Such materials and substances may include for example without limitation a polyethylene layer and/or coating 192 that has been treated with silicone 195 to be siliconized, such that removal of release liner 190 from the adhesives 135, 180 does not degrade, disrupt, and/or change the properties of the adhesives 135, 180. Such releasability of release liner 190 is enabled by being coated with the siliconized polyethylene 192, which has been demonstrated to reduce surface energy of release liner 190 to approximately between 24 and 33 mN/m, which prevents permanent adhesion between the adhesives 135, 180, and release liner 190.

Release liner 190 can be thereby configured to protect material 100, seal side adhesive 180, and to overlay and protect mount surface 125 and/or mount surface adhesive 135 and air channels 140 during fabrication, shipment, storage, and until installation and application of erasable writable material 100 to a surface SURF. Many suitable types of release liners 190 are available in the described configuration and for example include those available from 3M Corporation and Laufenberg GmbH, Krefeld-Hüls, Germany (www.laufenberg.info), and others, which manufacture what are typically referred to by those having knowledge in the field as Kraft paper release liners that are suitable for purposes of the disclosure.

With continuing reference to the various figures and preceding descriptions, and now also to FIG. 4, methods of manufacturing erasable writable material 100 are also described starting at step 200. For example, providing at step 205 calendared and/or cast the vinyl and/or polyvinylchloride film 120 with mount surface 125 opposite etched receiver surface 130 that has been treated to have a receiver surface energy increased to exceed approximately 38 millinewtons per meter (mN/m), to increase adherence of one or more of printed and preformed graphic elements 155, 160.

At step 210, a transparent polyethylene terephthalate (PET) sheet or film 165 is provided that includes a seal side 175 and an opposite marking side 170 that has a hardness exceeding approximately shore D 79. Additionally, treating, formulating, configuring, adjusting, and/or modifying marking side 170 is also included by application and/or incorporation of superstrate 185, such that a hardness exceeding approximately shore D 90 is enabled, and a surface energy of the marking side is lowered below about 24 mN/m.

Further variations of the methods incorporate configuring PET sheet or film 165 to have a thickness of approximately 50 microns to enable the hardness exceeding about shore D 79, and configuring superstrate 185 to have a thickness of approximately between 2 and 5 microns to enable the approximately greater than shore D 80 hardness, and such that surface energy of marking side 170 is reduced, adjusted, configured, and/or lowered to approximately between 15 and 30 mN/m to increase resilience and durability of marking side 170, and the also increase fugitivity of and prevent ghosting and staining by non-permanent and permanent marking substances applied to marking side 170.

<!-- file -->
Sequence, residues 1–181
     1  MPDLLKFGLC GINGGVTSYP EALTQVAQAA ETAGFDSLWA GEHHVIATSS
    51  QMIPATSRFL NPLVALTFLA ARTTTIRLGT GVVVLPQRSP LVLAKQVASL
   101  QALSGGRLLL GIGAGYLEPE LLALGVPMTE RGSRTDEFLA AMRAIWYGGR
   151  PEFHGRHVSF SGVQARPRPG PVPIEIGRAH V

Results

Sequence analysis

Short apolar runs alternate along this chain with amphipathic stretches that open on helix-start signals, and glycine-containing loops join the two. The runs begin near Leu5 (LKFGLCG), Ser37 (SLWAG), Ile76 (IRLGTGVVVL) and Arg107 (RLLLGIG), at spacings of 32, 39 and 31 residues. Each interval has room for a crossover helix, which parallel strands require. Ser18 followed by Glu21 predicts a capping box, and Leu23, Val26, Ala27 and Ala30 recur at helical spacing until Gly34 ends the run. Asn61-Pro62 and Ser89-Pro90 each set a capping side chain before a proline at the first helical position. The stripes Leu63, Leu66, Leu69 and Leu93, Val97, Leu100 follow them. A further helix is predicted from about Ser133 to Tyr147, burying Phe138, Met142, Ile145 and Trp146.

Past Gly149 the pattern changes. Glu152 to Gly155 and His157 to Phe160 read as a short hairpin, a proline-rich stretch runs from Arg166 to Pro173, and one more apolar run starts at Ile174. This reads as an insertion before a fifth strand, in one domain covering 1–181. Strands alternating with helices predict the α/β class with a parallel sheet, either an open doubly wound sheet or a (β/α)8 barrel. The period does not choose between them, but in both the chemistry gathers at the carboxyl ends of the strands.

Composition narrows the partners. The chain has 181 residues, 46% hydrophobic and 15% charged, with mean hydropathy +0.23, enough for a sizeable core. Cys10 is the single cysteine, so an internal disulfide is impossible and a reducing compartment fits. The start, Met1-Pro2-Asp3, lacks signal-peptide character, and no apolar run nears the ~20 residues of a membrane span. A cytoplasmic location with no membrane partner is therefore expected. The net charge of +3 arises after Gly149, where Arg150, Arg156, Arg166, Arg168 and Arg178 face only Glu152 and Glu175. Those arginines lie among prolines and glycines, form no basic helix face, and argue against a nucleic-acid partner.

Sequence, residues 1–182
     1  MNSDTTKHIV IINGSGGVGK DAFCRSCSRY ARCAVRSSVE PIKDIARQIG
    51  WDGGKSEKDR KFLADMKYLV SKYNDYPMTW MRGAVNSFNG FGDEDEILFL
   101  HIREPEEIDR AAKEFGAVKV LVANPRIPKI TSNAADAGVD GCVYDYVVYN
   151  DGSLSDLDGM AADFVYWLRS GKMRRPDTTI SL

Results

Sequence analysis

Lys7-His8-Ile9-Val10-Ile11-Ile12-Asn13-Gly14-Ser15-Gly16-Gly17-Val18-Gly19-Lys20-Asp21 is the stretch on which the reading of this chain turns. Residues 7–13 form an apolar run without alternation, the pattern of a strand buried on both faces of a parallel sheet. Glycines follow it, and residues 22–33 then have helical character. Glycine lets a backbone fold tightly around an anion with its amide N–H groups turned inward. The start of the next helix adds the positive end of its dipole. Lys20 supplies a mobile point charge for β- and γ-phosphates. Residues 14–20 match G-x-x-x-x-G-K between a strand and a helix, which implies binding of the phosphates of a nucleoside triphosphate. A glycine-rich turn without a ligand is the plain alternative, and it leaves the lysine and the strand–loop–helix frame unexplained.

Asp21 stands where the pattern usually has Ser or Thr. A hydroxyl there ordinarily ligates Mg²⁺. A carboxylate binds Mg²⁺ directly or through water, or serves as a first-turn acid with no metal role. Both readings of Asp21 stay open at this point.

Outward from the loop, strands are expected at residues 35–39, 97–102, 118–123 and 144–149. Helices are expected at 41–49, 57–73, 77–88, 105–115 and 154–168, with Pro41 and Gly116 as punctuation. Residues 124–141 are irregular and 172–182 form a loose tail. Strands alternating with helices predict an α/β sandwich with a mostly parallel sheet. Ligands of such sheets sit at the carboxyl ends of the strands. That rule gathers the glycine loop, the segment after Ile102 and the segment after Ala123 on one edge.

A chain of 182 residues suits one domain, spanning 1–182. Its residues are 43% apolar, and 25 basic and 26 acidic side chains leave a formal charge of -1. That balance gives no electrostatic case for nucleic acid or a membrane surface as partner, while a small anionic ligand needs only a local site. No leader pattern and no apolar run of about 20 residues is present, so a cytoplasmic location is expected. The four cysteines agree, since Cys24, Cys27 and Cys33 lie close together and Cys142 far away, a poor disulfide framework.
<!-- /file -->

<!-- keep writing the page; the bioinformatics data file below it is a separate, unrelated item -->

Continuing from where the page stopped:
The disclosure also includes the methods to incorporate applying adhesive 180 to seal side 175 of polyester/PET sheet or film 165 to enable hermetic lamination to receiver surface 130 utilizing one or more of a predetermined heat, pressure, and rolling lamination speed. The methods also include variations that include forming superstrate 185 to include the UV radiation responsive photoinitiator, and one or more of the polyurethane, acrylated polyurethane, acrylate resin, and perfluoropolyether, which in combination enable the hardness and reduced surface energy when irradiated with the UV radiation.

In other arrangements of the methods, configuring the superstrate 185 includes incorporating an ultraviolet radiation responsive photoinitiator, and at least one of a perfluoropolyether, a polyurethane, an acrylated polyurethane, and an acrylate resin, and irradiating the photoinitiator with ultraviolet radiation to harden superstrate 185. The methods are also directed to treating the polyvinylchloride and/or PET film 165 to be configured to have surface energy of receiver surface 130 increased to exceed approximately 38 mN/m, to increase adherence of one or more of printed and preformed graphic elements 155, 160.

The methods at step 215 further include at least one of printing and positioning graphic elements 155, 160 on etched receiver surface 130. At step 220, laminating and/or joining seal side 175 to etched receiver surface 130 is accomplished to encapsulate and hermetically seal graphic elements 155, 160 between receiver surface 130 and seal side 175.

While exemplary embodiments are described above, it is not intended that these embodiments describe all possible forms of the invention. Rather, the words used in the specification are words of description rather than limitation, and it is understood that various changes may be made without departing from the spirit and scope of the invention. Additionally, the features of various implementing embodiments may be combined to form further embodiments of the invention.

Claims

1. An erasable writable material, comprising:

a flexible vinyl film with a mount surface opposite an etched receiver surface;